In case you're as scattered as I am and just want to look at something and not think for a second, I give you:
The week in pictures from a life cultivated and Prairie Heritage Farm...
We're working on it. But for now, we have all the stresses and risks of running a small farm with few of the perks, like you know, waking up with the sun streaming through the windows, or picking fresh veggies from your backyard for dinner, or playing, whenever you want, in the dirt with your daughter.
Someday, little one, some day.
For now though, we spend a lot of time outside to pretend like we live on a farm. As much as we can, we get outside to the farm itself, and every other waking moment we get outside in the backyard.
(Happy Father's Day, by the way, to this guy. What an awesome Papa he is.)
Or, we grab some valuable time at the park.
This is Willa's new "smile." Ask her to smile for the camera and she goes one step too far turning that frown upside down with her hands.
Last Wednesday, we hit the road to see Auntie Hannah graduate. Only the cool kids were allowed on the trip.
We met some nice chickens at the Museum of the Rockies, where we wandered through Jacob's favorite museum exhibit of all time: The Living History Farm. He said, at least twice, and wistfully, "I think I was born at the wrong time."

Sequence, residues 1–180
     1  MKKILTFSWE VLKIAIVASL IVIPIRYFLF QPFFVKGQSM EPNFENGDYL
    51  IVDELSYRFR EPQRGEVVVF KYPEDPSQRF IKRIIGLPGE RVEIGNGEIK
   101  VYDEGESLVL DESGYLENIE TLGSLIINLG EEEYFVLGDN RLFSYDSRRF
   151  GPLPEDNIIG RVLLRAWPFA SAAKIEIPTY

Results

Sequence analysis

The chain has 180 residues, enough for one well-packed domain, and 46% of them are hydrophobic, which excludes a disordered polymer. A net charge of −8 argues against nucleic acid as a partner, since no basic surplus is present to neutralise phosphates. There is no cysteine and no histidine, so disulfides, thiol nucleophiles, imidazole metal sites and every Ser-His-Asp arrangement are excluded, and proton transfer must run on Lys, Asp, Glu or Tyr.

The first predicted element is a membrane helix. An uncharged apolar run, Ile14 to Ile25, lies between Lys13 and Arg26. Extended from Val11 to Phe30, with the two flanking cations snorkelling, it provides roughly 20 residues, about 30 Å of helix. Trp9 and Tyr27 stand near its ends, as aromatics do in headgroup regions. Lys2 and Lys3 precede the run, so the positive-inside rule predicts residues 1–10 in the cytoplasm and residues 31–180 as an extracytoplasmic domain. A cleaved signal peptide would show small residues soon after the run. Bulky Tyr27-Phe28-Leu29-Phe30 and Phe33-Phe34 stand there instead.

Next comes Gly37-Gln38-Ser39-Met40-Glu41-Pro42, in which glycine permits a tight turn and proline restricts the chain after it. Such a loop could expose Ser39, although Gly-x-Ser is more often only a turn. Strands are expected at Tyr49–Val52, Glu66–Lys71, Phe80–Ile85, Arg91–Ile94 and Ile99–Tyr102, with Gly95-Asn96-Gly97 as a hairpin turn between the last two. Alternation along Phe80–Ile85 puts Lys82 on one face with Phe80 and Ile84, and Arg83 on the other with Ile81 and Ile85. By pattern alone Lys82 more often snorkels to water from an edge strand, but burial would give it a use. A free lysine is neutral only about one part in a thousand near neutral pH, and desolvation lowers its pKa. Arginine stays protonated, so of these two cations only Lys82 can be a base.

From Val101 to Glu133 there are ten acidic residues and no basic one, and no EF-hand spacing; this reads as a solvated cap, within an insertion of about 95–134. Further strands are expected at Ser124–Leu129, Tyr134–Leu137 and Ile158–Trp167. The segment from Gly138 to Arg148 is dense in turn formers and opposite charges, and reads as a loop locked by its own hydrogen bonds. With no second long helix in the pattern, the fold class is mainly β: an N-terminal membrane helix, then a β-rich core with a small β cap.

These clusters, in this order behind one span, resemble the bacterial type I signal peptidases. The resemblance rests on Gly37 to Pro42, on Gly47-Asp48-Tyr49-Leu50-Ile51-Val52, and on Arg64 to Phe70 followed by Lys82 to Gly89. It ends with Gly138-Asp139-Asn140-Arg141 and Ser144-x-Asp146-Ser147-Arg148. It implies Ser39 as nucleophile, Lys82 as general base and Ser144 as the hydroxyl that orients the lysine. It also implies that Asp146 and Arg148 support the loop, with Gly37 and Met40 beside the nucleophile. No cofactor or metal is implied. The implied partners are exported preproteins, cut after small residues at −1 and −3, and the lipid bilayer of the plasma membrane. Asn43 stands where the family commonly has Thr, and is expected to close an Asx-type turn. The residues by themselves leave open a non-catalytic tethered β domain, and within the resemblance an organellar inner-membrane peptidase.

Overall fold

If this guy had a time travel device, he would so be living on a turn-of-the-century (and I mean last century) farm, wearing suspenders and doing everything by hand. (See the photo in this post as evidence.) Jacob, of course, chatted it up with the farm folks and ended up leaving with some seedlings of an old variety of red orach, a red spinachy-kind of leafy veggie.
And, the whole family got to practice their Willa smiles.
And finally, Willa and I got some farm time in this week. (We're home a lot these days while Papa toils in the dirt, given my whole online editing job, which you know, requires an Internet connection, which is absent at the farm.) You can almost hear things growing out there. (The weeds too though.)
Willa and I took care of some little bunches of chives that were buried under a mountain of quack grass while we were out there. And, oh, it felt good to dig and pull and smell and talk about what dirt and sun do for plants and which plants are yummy and which ones are yuck.
It's a dandy thing, hanging out with a kid on a farm.
And, don't tell my husband, but I really miss the whole manual labor side of the farming thing, a lot, even the weeding part.
This is what we'll be doing again this weekend: driving first to Great Falls on Friday to deliver fresh veggies to our awesome customers there and then on to Helena for the Farmer's Market on Saturday morning, where we meet up with more awesome farm share customers and watch Jacob build up his quads using a bike-powered flour mill to get the fine people of Helena freshly-ground, flour from organic, heritage wheat.
Nothing like it.